1. Limits to Arbitrage: Short selling is highly risky.
2. Earnings Surprise: In reality, it has been shown by Kolasinski and Li (2005) by ranking US companies by the extent of their earnings surprise that prices adjust slowly to the earnings announcements. While market efficiency implies that prices will adjust immediately to the announcement.
3. Size: In practice, it has been shown that the average return on small stocks is quite a bit higher than the average return on large equities. Although much of the differential performance is merely compensation for the extra risk of small firms, researchers have generally argued that not all of it can be explained by risk differences.
4. Value vs. Growth: A number of papers have argued that equities with high book-value-to-share-price ratios and/or high earnings-to-price ratios (generally called value stocks) outperform equities with low ratios (growth stocks). In every country, with the exception of Germany and Switzerland, value stocks outperformed growth stocks.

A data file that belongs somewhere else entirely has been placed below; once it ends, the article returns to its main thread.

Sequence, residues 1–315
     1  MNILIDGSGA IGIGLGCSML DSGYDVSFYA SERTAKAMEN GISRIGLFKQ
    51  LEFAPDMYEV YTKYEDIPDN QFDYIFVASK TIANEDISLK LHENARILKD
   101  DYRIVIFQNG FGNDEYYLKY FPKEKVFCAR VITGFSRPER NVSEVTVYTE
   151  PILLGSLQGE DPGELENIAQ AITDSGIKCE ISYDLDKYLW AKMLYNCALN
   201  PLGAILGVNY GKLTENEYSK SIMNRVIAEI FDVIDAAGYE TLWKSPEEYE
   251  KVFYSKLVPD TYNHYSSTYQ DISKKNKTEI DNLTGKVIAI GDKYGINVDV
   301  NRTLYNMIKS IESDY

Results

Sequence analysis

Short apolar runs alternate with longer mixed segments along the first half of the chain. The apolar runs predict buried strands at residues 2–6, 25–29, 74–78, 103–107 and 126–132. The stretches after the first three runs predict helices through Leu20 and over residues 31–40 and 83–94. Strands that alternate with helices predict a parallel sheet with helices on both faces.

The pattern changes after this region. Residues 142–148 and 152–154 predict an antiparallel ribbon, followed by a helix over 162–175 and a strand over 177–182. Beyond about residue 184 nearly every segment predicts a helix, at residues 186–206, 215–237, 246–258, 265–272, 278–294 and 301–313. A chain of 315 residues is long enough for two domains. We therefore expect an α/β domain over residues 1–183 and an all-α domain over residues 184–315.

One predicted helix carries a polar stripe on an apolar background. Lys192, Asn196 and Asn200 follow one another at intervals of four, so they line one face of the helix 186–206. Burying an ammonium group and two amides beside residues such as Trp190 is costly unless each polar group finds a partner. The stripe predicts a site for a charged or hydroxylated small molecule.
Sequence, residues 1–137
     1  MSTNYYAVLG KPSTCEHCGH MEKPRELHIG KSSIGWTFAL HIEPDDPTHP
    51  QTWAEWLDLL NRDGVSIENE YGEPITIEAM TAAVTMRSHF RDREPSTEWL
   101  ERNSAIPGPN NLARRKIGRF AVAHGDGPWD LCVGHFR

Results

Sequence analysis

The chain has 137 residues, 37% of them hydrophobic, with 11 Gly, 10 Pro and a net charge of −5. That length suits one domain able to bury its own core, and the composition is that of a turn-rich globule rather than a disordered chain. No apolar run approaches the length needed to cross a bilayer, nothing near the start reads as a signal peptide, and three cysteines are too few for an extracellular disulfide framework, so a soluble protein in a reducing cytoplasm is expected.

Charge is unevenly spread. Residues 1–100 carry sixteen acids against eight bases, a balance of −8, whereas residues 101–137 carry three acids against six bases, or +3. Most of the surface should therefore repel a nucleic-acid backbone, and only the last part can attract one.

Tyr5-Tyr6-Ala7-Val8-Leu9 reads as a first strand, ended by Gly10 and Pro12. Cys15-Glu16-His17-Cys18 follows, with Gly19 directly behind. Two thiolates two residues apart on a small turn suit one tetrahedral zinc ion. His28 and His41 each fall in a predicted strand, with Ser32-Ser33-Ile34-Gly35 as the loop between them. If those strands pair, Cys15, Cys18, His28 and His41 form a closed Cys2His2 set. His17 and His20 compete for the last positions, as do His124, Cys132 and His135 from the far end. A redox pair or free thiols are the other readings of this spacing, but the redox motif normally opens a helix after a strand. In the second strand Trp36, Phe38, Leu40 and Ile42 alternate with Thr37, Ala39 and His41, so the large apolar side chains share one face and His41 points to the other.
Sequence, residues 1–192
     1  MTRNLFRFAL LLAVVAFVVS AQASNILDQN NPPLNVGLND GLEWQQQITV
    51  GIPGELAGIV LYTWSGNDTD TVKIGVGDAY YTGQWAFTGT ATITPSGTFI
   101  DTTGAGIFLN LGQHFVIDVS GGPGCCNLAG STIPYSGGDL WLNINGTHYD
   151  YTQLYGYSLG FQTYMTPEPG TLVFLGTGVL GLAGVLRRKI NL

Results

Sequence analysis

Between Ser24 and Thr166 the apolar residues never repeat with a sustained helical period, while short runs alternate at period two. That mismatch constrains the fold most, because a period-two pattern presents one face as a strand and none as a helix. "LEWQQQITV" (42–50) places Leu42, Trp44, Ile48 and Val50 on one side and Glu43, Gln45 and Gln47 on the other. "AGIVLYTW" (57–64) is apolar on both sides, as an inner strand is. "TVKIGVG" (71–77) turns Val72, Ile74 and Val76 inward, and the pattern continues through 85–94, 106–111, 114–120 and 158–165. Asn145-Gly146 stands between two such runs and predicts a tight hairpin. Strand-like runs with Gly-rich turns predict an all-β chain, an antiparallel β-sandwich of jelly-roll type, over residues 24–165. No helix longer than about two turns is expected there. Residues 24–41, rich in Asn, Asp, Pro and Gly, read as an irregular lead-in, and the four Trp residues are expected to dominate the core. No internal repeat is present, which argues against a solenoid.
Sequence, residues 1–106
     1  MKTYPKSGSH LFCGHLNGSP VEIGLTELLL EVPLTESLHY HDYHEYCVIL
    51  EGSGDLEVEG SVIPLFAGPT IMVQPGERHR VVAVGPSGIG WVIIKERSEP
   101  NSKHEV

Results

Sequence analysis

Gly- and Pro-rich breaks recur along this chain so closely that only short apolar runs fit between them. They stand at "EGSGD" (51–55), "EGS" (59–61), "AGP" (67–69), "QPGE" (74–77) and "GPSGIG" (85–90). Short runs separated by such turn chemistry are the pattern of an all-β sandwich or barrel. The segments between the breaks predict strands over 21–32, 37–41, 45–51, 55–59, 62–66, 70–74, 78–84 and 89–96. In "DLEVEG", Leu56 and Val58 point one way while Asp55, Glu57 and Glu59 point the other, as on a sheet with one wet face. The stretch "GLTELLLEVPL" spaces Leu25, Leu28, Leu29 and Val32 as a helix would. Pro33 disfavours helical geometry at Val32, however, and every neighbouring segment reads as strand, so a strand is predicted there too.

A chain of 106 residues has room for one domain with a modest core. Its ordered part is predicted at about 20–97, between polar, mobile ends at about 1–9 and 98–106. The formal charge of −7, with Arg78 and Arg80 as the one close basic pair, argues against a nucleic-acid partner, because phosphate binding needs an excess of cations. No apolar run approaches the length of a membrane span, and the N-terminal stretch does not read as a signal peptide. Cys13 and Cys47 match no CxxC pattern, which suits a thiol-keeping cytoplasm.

5. Crashes and Bubbles: Bubbles can result when prices rise rapidly, and more and more investors join the game on the assumption that prices will continue to rise. These bubbles can be self-sustaining for a while, but eventually prices fall back to their original level, causing great losses for investors.